the devastation of ireland -- 9/03/19

Today's selection -- from The Bonanza King by Gregory Crouch. By the 1600s, England had conquered and subjugated Ireland, confiscating most of its land and limiting the economic opportunities of its people. By the 1800s, that had created devastation. Then came the potato famine:

"Grinding need wore at the foundations of nineteenth-century Ireland. Walls of loose-stacked stone slathered in mud enclosed the one­-room shelters that housed fully half the Irish population. Most didn't have windows. A roof of tree branches, sod, and leaky thatch protected them from the worst of the Atlantic rains; an open peat fire warmed them through the dark winter months. Beds and blankets were rare luxuries. Most Irish families slept on bare dirt floors alongside their domestic an­imals. A British government official reporting on the living conditions of the Irish peasantry noted that 'in many districts their only food is the potato, their only beverage water. . . . Pigs and manure constitute their only property.' ...

"In the eyes of Ireland's Gaelic Catholic majority, theirs was a conquered country, subjugated to the foreign English crown since the mid-seventeenth century. Although Catholics con­stituted more than three-quarters of Ireland's population, by 1800, 95 percent of the country's land had passed into the hands of English or Anglo-Irish Protestant aristocrats. Interested only in extracting rents and raising grain and cattle for cash sale in England, those absentee owners typically spent the bounty of the Irish countryside supporting lavish life­styles in England while the laborers and tenants who worked their estates endured desperate poverty.

"Irish tenants exchanged their labor for the lease on the small plots of dirt they needed to feed themselves. On such meager acreages, only the potato yielded sufficiently to feed a family. Poor Irish men and women ate them at almost every meal. Chronically indigent, often underfed, un­able to purchase land, deprived of political power, and ferociously dis­criminated against for the sin of being Catholic, more than a million people left Ireland in the first four decades of the nineteenth century. ...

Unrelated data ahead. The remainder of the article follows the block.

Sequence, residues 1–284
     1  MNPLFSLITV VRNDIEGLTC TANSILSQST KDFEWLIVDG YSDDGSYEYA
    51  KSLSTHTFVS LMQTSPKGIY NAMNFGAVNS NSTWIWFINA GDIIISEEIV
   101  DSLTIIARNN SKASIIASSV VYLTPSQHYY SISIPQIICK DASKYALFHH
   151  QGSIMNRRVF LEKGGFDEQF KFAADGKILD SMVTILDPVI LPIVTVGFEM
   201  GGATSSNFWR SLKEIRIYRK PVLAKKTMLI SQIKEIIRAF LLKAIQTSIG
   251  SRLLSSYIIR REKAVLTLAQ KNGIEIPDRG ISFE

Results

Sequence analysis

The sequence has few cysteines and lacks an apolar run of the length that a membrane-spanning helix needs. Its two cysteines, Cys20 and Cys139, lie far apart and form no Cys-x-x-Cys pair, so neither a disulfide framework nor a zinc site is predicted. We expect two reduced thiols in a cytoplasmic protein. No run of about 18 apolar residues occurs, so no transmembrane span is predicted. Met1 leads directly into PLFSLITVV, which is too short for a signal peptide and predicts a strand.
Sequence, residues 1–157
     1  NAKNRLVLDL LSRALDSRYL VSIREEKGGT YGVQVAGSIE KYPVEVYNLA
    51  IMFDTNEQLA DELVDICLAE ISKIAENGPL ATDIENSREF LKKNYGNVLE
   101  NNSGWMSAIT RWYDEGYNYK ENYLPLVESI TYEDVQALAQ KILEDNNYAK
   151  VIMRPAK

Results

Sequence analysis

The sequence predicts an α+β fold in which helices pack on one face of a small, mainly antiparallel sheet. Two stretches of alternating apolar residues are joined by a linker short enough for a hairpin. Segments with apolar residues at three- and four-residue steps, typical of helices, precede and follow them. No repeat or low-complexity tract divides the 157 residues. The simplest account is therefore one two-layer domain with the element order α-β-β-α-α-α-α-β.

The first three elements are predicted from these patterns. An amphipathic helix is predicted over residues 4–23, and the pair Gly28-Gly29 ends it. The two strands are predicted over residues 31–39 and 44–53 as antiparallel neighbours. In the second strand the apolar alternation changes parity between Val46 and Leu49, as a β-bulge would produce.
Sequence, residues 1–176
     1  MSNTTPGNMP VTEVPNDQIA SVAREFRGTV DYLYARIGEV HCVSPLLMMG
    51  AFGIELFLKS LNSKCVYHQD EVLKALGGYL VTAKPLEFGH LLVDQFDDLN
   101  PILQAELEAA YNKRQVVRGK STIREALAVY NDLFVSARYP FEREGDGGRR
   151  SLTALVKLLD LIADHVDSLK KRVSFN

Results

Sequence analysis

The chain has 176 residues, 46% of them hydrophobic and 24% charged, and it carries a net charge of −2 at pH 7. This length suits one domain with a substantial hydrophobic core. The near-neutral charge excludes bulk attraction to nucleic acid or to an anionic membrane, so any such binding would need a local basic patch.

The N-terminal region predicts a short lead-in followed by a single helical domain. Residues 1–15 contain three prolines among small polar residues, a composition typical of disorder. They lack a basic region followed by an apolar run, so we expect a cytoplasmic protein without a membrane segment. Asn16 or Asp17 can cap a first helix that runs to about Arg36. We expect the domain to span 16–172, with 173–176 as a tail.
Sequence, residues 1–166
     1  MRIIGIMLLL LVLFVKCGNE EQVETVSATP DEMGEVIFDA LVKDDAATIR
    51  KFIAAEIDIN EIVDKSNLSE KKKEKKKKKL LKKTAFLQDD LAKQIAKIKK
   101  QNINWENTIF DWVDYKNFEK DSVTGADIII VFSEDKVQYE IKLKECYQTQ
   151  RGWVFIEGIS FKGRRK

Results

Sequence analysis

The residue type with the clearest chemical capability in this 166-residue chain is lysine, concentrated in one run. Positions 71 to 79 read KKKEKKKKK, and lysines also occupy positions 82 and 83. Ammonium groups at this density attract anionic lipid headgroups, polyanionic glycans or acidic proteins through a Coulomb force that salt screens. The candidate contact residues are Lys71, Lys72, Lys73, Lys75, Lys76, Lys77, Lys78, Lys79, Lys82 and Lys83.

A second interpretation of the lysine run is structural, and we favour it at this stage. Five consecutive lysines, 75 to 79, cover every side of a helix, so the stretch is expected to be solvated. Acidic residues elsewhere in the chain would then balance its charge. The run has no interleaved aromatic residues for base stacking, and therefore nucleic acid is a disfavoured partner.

"In 1800, some 35,000 Irish men and women lived in the United States. ... Forty years later, that number had bloated to 663,000, the over­whelming majority of them poor and barely educated. Unskilled laborers nailed to the cross of extreme poverty, most Irish male immigrants did casual day labor, taking whatever employment they could find. Ten to twelve hours a day, six days a week, they performed the brutal, back­breaking toil nobody else would do, for paltry wages, digging sewers and canals, excavating foundations, loading ships and wagons, carrying hods of bricks and mortar for skilled masons, paving streets, and building railroad beds. Irish women worked as washerwomen and domestic ser­vants, or sewed piecework in the needle trades. Widows took in boarders and collected rags they recycled into 'shoddy,' a cheap cloth made from shredded scraps of wool. In New York City, Irish peddlers lugged mer­chandise to every neighborhood, hawking sweet corn, oranges, root beer, bread, charcoal, clams, oysters, buttons, thread, fiddle strings, cigars, sus­penders, and a host of other inexpensive items. Rag-clad Irish children scavenged wood, coal, scrap metal, and glass, swept street crossings for tips, shined shoes, dealt apples and individual matches, and sold news­papers.

Scene at Skibbereen during the Great Famine, by Cork artist James Mahony (1810–1879),
commissioned by The Illustrated London News, 1847.

"Rather than be grateful for their inexpensive labor and service, es­tablished Yankee Protestants despised the Irish immigrants, scorning them as 'superstitious papists' and 'illiterate ditch diggers.' ... The twin millstones of being Irish and Catholic kept most Irish immigrants firmly anchored to the bottom of the Amer­ican social spectrum.

"[Then] disaster had hit Ireland.

"The nutrition of Irish tenant farmers and their families depended almost entirely on potatoes. Over the course of just a few days in the late sum­mer of 1845, Ireland's millions of subsistence farmers watched in horror as the leaves of previously healthy potato plants blackened, curled, and withered. Dug potatoes emerged from the ground full and healthy, but quickly shriveled to repulsive, inedible slime. The disease ravaged about half of the island's potato crop in 1845. The next year, the blight destroyed nearly every potato in Ireland. An Gorta Mór, The Great Hunger, gripped the land.

"Potato yields didn't recover for five long years. The population of Ire­land collapsed. Starvation and disease killed a million and a half Irish men, women, and children out of a prefamine population of about eight million. Another million fled the country, most to the United States, where they inundated the port cities of the eastern seaboard. Fully 650,000 wretched Irish men, women, and children settled in New York City during the famine years.

"Predictably, the influx provoked a backlash among native-born Americans. Anti-Catholic Yankees regarded the newest wave of desti­tute, starving refugees as 'Saint Patrick's vermin.' Many businesses ­and some entire industries -- refused to hire Irishmen."

 


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author:

Gregory Crouch

title:

The Bonanza King

publisher:

Scribner

date:

Copyright 2018 by Gregory Crouch

pages:

6-7, 11-12
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